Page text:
* Line was shut last Sunday after leak in Kansas
* Pipeline can transport 591,000 barrels of oil a day
* Shutdown raised crude oil prices when supply cut off
(Adds comment from U.S. pipeline regulator)
By Tom Doggett and Jeffrey Jones
WASHINGTON/CALGARY, June 4 TransCanada Corp
(TRP.TO) can restart its Keystone oil pipeline on Sunday, after
the company satisfied a series of safety conditions following
leaks that idled the key export line twice in less than a
month, the U.S. pipeline safety regulator said on Saturday.
The U.S. Pipeline and Hazardous Materials Safety
Administration said it approved resumption of crude flows from
Canada on the pipeline after the agency evaluated the company's
restart plan and was satisfied safety requirements were met.
PHMSA issued a corrective action order on Friday, demanding
the company agree to a series of immediate and long-term
measures following an outage last Sunday on the 591,000
barrel-a-day pipeline that runs to the oil pricing hub of
Cushing, Oklahoma, from Alberta.
In that incident, 10 barrels spilled due to a faulty
fitting at a Kansas pump station.
The outage raised oil prices as it limited oil shipments
from Canada, the largest crude supplier to the United States.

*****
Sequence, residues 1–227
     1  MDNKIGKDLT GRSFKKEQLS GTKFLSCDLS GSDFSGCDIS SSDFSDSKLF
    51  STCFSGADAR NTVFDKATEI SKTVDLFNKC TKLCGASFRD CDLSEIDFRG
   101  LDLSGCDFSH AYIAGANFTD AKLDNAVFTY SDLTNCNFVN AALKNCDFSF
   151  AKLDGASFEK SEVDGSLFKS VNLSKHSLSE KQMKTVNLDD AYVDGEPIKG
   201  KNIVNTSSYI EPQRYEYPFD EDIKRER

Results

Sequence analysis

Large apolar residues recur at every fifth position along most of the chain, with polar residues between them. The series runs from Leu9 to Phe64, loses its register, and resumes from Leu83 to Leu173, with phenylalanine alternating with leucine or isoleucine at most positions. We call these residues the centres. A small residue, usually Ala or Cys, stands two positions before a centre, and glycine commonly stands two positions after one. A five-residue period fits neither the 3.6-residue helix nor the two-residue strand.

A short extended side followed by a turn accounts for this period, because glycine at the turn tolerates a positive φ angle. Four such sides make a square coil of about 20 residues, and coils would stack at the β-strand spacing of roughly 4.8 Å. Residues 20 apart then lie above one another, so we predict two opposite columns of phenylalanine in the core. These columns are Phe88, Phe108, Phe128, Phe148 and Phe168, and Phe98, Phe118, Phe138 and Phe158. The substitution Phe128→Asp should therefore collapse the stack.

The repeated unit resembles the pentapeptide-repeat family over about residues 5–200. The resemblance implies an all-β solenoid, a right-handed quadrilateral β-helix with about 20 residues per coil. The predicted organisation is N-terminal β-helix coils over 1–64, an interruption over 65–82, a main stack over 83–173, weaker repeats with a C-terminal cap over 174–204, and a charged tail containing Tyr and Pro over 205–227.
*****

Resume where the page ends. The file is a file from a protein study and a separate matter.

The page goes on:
Canadian cash oil prices weakened as supplies backed up in
In early May, Keystone was shut down for nearly a week
after a 500-barrel spill at a pump station in North Dakota,
which TransCanada blamed on a different piece of equipment.
In its corrective action order, PHMSA revealed a leak in
South Dakota on May 25, but said it was below the threshold for
With immediate repairs completed, PHMSA had said
TransCanada must perform metallurgical testing, analysis of the
failures and review other parts of the year-old system.
"Based on a review of the information submitted, the
restart plan is approved," PHMSA said a letter to TransCanada
The earliest the company can restart the pipeline is at
daylight on Sunday morning, the agency said. TransCanada
officials could not immediately be reached for comment about
the company's restart plan.
Concerns about safety have come as TransCanada seeks U.S.
State Department approval for a controversial $7 billion
expansion of the Keystone system, which would carry crude
derived from Canada's oil sands as far as the U.S. Gulf Coast.
Environmental groups cited the pipeline leaks and PHMSA's
order requiring a safety review as reasons the Obama
administration should turn down TransCanada's request to expand
(Reporting by Tom Doggett; Additional reporting by Jeffrey
Jones in Calgary, Editing by Peter Cooney)